African-American Culture In Everyday Use By Alice Walker

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Most families have some type of heirloom, whether it be jewelry, furniture, or other symbolic keepsake that is passed down through each generation. These items are reminders of where our families came from. In “Everyday Use” by Alice Walker, the family treasures are the handmade quilts. In “Everyday Use” each character symbolizes a different attitude towards African-American heritage. The story was set in presumably the late 60s. This was at a point in history where African-Americans were trying to create a new cultural identity. Mama represented older African-American culture. Dee a new portion of African-American culture. A culture that wants to reconnect with their African roots and stray away from their old heritage. Maggie represents the…show more content…
In the story, we learn that Dee is a selfish and materialistic person. From the beginning of her visit back home we see how self absorbed she is when instead of greeting her family she takes pictures of the house and of her mother. Along with that she is dressed excessively. Walker writes, "Dee wanted nice things. A yellow organdy dress to wear to her graduation from high school" (487). Following that, when Dee came to visit she was dressed excessively as told by Mama, "A dress down to the ground, in this hot weather. A dress so loud it hurts my eyes. There are yellows and oranges enough to throw back the light of the sun I fell my whole face warming from the heat waves it throws out. Earrings, too, gold and hanging down from her shoulders. Bracelets dangling and making noises when she moves her arm to shake the folds of the dress out of her armpits." (488). She 's more occupied with her aesthetic appearance rather than the usefulness of the…show more content…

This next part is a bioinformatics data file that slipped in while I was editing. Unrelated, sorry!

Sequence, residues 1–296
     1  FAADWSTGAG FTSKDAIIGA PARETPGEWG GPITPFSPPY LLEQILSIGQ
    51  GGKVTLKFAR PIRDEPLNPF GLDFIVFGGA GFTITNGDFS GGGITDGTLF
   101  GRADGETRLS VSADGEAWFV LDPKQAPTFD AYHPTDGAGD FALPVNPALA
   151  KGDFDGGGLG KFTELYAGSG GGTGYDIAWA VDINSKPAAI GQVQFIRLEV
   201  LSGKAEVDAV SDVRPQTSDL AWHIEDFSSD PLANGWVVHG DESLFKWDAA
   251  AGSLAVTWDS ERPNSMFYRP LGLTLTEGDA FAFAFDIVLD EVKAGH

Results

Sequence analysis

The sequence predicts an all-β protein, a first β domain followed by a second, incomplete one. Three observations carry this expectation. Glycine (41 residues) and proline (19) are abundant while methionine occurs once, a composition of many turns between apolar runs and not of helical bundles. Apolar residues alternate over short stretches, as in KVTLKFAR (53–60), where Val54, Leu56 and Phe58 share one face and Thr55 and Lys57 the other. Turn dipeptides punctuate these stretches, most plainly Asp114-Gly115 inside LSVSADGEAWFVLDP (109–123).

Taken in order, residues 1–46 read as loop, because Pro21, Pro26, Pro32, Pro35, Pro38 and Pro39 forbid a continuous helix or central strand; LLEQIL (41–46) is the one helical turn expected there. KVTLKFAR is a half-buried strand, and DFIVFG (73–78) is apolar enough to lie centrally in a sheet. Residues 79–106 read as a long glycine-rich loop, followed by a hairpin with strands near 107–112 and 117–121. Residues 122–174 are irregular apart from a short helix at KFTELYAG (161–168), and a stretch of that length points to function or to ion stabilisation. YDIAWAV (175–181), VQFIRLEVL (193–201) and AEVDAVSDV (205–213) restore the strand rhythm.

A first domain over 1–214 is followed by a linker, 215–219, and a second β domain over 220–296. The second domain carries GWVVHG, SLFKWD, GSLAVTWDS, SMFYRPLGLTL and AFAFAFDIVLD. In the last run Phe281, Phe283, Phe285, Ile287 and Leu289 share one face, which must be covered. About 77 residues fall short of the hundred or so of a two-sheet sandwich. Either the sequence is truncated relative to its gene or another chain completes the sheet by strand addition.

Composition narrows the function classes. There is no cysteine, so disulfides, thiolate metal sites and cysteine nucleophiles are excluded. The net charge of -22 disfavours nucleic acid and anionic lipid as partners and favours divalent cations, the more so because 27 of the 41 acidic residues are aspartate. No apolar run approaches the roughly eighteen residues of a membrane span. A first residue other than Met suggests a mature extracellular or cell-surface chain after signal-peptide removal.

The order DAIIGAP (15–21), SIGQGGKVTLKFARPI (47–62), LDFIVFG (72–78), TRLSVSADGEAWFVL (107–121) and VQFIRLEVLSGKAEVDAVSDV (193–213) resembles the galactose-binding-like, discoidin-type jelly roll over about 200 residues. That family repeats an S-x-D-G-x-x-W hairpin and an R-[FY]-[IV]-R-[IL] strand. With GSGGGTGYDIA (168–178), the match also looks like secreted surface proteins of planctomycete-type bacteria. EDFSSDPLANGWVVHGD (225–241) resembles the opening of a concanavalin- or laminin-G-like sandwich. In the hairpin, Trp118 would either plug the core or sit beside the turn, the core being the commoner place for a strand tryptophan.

Mama asks, "What happened to Dee?"(488) Mama gets her answer. Dee makes her point by saying, "She 's dead." She explains that she is no longer defined by her previous identify as Dee. "I couldn 't bear it any longer, being named after the people who oppress me."(488). Mama is bothered by this because Dee was named after her Aunt Dicie, who was named after her grandma, who was named after her mother. Dee has distanced herself even further from her family and heritage. She 's more focused on herself. She 's blindsided by the fact those possessions don’t have to do with who she was or who she 's becoming. When Dee goes to ask for the quilts she 's manipulative about it, "Mama," Wangero said sweet as a bird. "Can I have these old quilts?" (490) When she learns that Mama has been saving them for Maggie she 's outraged and explains that Maggie couldn 't appreciate the quilts, she 'd use them for what they were actually intended for. It 's ironic that Dee is asking Mama for the quilts since she before declined them. "I didn 't want to bring up how I had offered Dee (Wangero) a quilt when she went away to college. Then she had told me they were old-fashioned, out of style."(490). Dee’s temper rises and claims that the quilts are priceless, seeing them as works of art whereas Mama sees them as practical value. It 's again mentioned that Maggie would use them for their true intent. "Maggie would put them on the bed in

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